St Dionis Backchurch
• St Dionis Backchurch was a parish church in the Langborn ward of the City. Of medieval origin, it was rebuilt after the Great Fire to the designs of Christopher Wren and demolished in 1878. • The church of St Dionis was dedicated to Dionysus of Areopagite, a follower of St Paul, said to have converted the French to Christianity. He became the patron saint of France, where he is known as St Denis. The name Backchurch may have come from it standing behind other buildings, or from its position relative to the church of St Gabriel Fenchurch. It was in existence by the year 1288, when Reginald de Standen was recorded as being the rector. In 1466 the Alderman John Darby had an aisle added, in which he was buried.
• The patronage of the church once belonged to the prior and canons of Christchurch, Canterbury and later passed to the dean and chapter of Canterbury Cathedral.
• The church was destroyed in the Great Fire in 1666, and rebuilt in 1674 at a cost of £5,737. A tower, also to Wren's design, was added ten years later. The bell tower was divided into three storeys by string courses. At the top was an open parapet, and a small bell turret which had been removed by the nineteenth century. A row of shops, built against the south wall, stood between the church and Fenchurch Street.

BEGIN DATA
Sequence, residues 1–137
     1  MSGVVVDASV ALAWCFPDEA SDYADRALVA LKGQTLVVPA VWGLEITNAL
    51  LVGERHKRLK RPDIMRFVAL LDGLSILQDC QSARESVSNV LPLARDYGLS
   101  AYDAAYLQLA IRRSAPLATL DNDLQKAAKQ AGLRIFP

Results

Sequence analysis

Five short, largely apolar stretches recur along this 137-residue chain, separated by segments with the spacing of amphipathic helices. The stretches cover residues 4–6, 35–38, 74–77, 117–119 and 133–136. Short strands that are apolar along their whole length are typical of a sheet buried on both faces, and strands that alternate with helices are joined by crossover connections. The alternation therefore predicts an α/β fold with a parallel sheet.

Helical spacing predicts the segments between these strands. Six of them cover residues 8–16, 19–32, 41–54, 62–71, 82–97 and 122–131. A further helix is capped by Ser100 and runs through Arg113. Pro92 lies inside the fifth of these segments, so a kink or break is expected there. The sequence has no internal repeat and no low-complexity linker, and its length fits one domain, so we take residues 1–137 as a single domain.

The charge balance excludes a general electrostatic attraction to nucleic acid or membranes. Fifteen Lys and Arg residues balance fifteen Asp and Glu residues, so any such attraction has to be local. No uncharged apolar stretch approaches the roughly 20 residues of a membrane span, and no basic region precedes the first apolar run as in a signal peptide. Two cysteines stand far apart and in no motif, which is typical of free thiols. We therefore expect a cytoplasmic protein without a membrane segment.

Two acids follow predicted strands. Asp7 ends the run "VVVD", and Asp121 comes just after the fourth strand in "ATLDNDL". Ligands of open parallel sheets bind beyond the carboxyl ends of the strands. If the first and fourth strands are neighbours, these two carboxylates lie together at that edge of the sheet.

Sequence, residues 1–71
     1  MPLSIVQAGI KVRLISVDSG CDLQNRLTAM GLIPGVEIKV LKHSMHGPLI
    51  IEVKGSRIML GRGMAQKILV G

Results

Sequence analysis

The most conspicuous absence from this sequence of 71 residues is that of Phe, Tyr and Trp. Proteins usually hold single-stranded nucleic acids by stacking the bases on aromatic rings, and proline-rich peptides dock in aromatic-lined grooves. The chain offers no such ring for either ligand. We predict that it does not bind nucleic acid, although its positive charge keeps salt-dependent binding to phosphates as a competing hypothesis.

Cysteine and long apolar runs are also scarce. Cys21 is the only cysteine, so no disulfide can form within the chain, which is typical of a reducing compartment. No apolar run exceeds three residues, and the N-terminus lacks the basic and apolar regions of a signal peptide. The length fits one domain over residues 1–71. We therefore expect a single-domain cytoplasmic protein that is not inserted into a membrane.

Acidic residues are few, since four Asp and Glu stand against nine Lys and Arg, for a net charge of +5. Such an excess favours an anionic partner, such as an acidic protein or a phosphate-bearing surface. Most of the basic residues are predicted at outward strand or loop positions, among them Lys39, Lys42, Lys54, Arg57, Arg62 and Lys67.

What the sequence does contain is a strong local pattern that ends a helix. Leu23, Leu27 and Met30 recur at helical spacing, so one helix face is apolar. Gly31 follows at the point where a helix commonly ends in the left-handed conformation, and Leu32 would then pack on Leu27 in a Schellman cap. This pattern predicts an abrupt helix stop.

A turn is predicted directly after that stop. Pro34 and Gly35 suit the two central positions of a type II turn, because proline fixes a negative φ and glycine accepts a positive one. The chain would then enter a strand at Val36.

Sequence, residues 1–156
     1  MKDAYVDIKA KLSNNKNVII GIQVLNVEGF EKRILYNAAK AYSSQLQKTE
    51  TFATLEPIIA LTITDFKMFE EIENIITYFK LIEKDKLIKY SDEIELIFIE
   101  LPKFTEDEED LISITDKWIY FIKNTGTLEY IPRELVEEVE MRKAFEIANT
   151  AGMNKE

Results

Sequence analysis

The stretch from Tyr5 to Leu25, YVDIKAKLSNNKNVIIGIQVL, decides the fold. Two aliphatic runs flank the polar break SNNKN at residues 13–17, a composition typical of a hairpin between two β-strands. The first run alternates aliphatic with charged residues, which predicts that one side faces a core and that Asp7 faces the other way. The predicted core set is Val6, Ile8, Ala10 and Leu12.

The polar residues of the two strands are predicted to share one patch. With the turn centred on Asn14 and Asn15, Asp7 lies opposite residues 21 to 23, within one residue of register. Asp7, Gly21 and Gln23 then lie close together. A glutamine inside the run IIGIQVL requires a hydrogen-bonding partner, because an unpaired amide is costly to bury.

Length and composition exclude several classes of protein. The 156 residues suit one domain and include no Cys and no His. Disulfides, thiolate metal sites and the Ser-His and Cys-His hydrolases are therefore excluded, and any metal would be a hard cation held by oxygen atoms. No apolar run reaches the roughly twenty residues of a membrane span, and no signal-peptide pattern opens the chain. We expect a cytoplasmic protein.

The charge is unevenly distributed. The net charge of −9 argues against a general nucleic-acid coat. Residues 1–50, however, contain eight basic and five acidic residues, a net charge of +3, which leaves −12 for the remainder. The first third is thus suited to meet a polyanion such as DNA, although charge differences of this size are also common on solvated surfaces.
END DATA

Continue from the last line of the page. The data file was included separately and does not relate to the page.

• In 1858 it was decided that the church was in need of substantial repairs and a recommendation was made that the most economical course of action would be to demolish the whole church except for the tower and rebuild it. During the survey of the church, a fifteenth century crypt was discovered that had survived under the chancel of Wren’s church. Before any plans could be carried out however, the vestry decided that the church was no longer needed. In 1878 the parish was merged with that of All Hallows Lombard Street under the Union of Benefices Act of 1860 and the church demolished.
• The church had a peal of ten bells, cast between 1726 and 1750. They were transferred to All Hallows Lombard Street when St Dionis was demolished. • The church of St Dionis, Parsons Green was built with the proceeds of the sale of the site of the City church, and its font and pulpit survive there.